Article image

"Green" cleaning products are often as harmful as traditional ones

Recent findings indicate that “green” cleaning products may not be as environmentally friendly or safe as presumed, emitting harmful chemicals at levels comparable to traditional cleaning products.

This surprising finding calls for enhanced regulations and clearer consumer guidance regarding the safety of so-called “green” cleaning products, as well as their traditional counterparts.

Volatile organic compounds (VOCs)

Published in the journal Environmental Science Processes & Impacts by The Royal Society of Chemistry, the research underscores the potential air quality hazards posed by fragranced cleaning products within homes. 

These products release a variety of volatile organic compounds (VOCs), some of which are dangerous or can transform into harmful secondary pollutants.

Despite the rising popularity of “green” cleaners under the belief of their health and environmental benefits, the study conducted by the University of York challenges this assumption.

The investigation focused on comparing the VOC output of 10 traditional and 13 “green” cleaning products, finding that the latter tend to release more monoterpenes.

This increase in monoterpene emissions can lead to higher concentrations of secondary pollutants like formaldehyde and peroxyacyl nitrates.

These chemicals pose significant health risks, including respiratory issues and potential skin irritation. Long-term exposure to certain pollutants like formaldehyde may even increase cancer risk.

“Green” cleaning products and misleading marketing

“Our research found there is no strong evidence to suggest that clean green products are better for indoor air quality compared to regular products. In fact, there was very little difference,” said lead author Ellen Harding-Smith, an Environmental Chemistry researcher at the Department of Environment & Geography. 

“Many consumers are being misled by the marketing of these products and could be damaging the air quality in their homes as a result – potentially putting their health at risk. For so many products on the supermarket shelves, green doesn’t mean clean.”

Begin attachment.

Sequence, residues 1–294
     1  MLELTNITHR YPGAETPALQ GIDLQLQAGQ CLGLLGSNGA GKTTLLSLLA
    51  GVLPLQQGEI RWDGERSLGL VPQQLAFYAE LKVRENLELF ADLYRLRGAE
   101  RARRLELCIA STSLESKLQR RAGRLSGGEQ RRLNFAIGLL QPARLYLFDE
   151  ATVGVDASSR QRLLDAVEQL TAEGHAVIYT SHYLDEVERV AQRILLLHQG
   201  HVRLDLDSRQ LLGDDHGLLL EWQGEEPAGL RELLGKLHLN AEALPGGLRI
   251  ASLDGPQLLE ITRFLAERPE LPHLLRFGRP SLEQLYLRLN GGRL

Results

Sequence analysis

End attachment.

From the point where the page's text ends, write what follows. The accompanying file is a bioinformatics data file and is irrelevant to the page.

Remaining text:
To mitigate the potential harm caused by these products, Harding-Smith advises manufacturers to disclose more information about their ingredients and to educate consumers on improving indoor air quality, such as increasing ventilation and opening windows during use.

This approach could significantly enhance the safety and environmental friendliness of cleaning products used in homes.

Importance of indoor air quality

Poor indoor air quality can lead to a range of health issues, from short-term effects such as irritation of the eyes, nose, and throat, headaches, dizziness, and fatigue, to long-term effects including respiratory diseases, heart disease, and even cancer. 

People with pre-existing health conditions, older people, and children are particularly vulnerable to the impacts of poor indoor air quality.

Improving indoor air quality involves several strategies including increasing ventilation to bring in fresh outdoor air, using air purifiers to remove pollutants from indoor air, maintaining heating, ventilation, and air conditioning (HVAC) systems, controlling sources of pollution by choosing low-emission materials and products, and keeping the indoor environment clean through regular cleaning and dusting.